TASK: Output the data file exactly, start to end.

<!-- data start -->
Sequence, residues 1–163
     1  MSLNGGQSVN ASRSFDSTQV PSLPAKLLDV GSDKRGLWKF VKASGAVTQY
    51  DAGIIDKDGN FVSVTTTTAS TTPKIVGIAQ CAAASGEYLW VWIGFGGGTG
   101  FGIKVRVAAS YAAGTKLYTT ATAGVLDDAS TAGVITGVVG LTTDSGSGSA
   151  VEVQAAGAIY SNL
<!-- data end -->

Sequence, residues 1–163
     1  MSLNGGQSVN ASRSFDSTQV PSLPAKLLDV GSDKRGLWKF VKASGAVTQY
    51  DAGIIDKDGN FVSVTTTTAS TTPKIVGIAQ CAAASGEYLW VWIGFGGGTG
   101  FGIKVRVAAS YAAGTKLYTT ATAGVLDDAS TAGVITGVVG LTTDSGSGSA
   151  VEVQAAGAIY SNL